Common Toxic Plants (With Photos)

Common Toxic Plants (With Photos)

ASPCA 24-hour emergency poison hotline directly at 1-888-426-4435.

Below is a list of common and popular toxic plants to cats. We have provided photos to help you identify these plants.

20130612-033156.jpg
Amaryllis

Common garden plants popular around the holidays, Amaryllis species contain toxins that can cause vomiting, depression, diarrhea, abdominal pain, hypersalivation, anorexia and tremors.

20130612-033712.jpg
Autumn Crocus

Ingestion of Colchicum autumnale by pets can result in oral irritation, bloody vomiting, diarrhea, shock, multi-organ damage and bone marrow suppression.

20130612-034047.jpg
Azalea/Rhododendron
Members of the Rhododenron family contain substances known as grayantoxins, which can produce vomiting, drooling, diarrhea, weakness and depression of the central nervous system in animals. Severe azalea poisoning could ultimately lead to coma and death from cardiovascular collapse.

20130612-034327.jpg
Castor Bean
The poisonous principle in Ricinus communis is ricin, a highly toxic protein that can produce severe abdominal pain, drooling, vomiting, diarrhea, excessive thirst, weakness and loss of appetite. Severe cases of poisoning can result in dehydration, muscle twitching, tremors, seizures, coma and death.

20130612-034515.jpg
Cyclamen
Cylamen species contain cyclamine, but the highest concentration of this toxic component is typically located in the root portion of the plant. If consumed, Cylamen can produce significant gastrointestinal irritation, including intense vomiting. Fatalities have also been reported in some cases. 9 more toxic plants to keep away from your cat, including chrysanthemums and ivy.

20130612-034740.jpg
Chrysanthemum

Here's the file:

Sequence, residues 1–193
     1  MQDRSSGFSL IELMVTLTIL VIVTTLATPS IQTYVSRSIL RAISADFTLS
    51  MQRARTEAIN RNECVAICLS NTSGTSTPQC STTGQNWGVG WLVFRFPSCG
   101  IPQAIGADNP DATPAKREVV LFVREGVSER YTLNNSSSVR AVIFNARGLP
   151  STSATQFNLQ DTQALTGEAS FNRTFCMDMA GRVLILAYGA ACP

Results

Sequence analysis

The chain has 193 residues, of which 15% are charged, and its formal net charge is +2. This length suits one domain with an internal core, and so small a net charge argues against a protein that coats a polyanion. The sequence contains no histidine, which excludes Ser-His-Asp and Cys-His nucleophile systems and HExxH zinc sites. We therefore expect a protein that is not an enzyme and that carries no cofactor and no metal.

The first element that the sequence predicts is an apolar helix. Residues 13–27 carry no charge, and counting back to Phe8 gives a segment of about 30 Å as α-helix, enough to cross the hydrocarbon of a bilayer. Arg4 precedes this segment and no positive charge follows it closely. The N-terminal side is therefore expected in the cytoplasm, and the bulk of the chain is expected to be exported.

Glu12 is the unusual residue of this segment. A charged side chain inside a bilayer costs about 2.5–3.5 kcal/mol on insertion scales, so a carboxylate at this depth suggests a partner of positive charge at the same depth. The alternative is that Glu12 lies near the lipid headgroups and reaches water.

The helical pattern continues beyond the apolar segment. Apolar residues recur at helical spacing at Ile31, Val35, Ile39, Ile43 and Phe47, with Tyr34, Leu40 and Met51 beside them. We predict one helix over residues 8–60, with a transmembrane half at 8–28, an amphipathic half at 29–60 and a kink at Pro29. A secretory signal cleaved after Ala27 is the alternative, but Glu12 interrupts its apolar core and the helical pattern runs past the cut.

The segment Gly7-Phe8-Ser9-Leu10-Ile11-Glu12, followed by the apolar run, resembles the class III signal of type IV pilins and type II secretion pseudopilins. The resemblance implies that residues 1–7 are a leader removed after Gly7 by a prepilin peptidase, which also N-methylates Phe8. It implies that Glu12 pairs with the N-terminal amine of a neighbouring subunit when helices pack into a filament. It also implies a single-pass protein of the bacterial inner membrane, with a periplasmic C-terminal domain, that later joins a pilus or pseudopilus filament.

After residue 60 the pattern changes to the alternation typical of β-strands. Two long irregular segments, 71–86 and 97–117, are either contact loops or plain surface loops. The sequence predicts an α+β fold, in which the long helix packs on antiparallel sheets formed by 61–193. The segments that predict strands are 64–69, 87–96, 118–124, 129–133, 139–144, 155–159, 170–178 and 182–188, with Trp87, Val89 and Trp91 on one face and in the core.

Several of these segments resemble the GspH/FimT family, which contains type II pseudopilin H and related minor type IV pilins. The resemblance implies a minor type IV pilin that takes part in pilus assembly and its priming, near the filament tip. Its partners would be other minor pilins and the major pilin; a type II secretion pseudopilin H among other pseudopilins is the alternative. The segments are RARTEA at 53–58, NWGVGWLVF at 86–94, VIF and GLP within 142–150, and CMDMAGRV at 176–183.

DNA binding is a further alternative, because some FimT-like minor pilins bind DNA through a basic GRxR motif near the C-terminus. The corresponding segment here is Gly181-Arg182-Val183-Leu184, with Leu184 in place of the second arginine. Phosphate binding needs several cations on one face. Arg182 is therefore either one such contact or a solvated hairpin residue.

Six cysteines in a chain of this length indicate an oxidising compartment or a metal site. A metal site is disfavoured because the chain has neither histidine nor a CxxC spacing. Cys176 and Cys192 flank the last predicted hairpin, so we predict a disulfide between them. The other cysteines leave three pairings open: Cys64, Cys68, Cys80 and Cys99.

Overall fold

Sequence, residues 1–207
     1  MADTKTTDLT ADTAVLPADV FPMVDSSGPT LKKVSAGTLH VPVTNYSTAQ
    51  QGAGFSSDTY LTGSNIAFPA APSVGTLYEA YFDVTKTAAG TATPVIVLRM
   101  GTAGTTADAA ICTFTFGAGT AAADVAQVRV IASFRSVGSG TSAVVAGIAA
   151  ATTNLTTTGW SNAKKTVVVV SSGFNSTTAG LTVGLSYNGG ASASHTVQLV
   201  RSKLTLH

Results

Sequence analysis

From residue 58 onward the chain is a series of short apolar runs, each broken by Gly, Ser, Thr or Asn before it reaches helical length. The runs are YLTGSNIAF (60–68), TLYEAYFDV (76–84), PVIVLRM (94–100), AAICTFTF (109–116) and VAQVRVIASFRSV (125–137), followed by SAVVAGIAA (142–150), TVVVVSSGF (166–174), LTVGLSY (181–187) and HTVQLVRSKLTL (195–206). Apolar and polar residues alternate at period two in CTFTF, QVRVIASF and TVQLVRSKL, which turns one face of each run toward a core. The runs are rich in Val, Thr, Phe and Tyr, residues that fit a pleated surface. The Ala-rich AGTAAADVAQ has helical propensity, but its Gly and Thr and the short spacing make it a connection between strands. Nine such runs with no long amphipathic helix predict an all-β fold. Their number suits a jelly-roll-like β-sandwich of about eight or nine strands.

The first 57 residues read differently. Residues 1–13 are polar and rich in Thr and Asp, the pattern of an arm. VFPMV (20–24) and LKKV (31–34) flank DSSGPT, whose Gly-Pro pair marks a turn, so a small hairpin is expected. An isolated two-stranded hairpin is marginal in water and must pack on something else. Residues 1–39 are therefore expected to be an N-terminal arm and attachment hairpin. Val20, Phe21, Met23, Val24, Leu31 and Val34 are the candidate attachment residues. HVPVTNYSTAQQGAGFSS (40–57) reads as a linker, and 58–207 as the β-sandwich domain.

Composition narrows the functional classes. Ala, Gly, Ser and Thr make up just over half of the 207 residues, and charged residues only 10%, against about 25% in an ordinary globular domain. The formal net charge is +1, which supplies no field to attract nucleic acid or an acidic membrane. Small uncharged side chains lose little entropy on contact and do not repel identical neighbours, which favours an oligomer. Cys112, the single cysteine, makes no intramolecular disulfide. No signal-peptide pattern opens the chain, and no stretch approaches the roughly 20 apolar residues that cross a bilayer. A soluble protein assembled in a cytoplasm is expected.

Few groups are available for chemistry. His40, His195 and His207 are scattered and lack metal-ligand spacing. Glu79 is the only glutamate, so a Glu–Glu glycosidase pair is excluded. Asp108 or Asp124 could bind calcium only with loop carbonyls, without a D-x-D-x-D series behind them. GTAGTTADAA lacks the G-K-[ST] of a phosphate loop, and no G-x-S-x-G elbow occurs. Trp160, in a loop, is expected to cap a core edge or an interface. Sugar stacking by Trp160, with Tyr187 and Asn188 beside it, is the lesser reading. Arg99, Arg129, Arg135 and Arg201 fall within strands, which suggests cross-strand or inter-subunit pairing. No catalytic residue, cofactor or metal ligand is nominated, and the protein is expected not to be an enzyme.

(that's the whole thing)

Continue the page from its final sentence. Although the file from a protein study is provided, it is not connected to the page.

These popular blooms are part of the Compositae family, which contain pyrethrins that may produce gastrointestinal upset, including drooling, vomiting and diarrhea, if eaten. In certain cases depression and loss of coordination may also develop if enough of any part of the plant is consumed.

20130612-034913.jpg
English Ivy
Also called branching ivy, glacier ivy, needlepoint ivy, sweetheart ivy and California ivy, Hedera helix contains triterpenoid saponins that, should pets ingest, can result in vomiting, abdominal pain, hypersalivation and diarrhea.

20130614-074428.jpg

20130614-074439.jpg
Kalanchoe
This plant contains components that can produce gastrointestinal irritation, as well as those that are toxic to the heart, and can seriously affect cardiac rhythm and rate.

20130612-040223.jpg
20130612-040239.jpg

20130612-040608.jpg

20130612-040617.jpg
Lilies
Members of the Lilium family are considered to be highly toxic to cats. Many types of lily, such as Tiger, Asian, Japanese Show, Easter, Stargazer, Rubrum and the Casa Blanca, can cause kidney failure in cats. While the poisonous component has not yet been identified, it is clear that with even ingestions of very small amounts of the plant, severe kidney damage could result.

20130614-074940.jpg

20130614-074955.jpg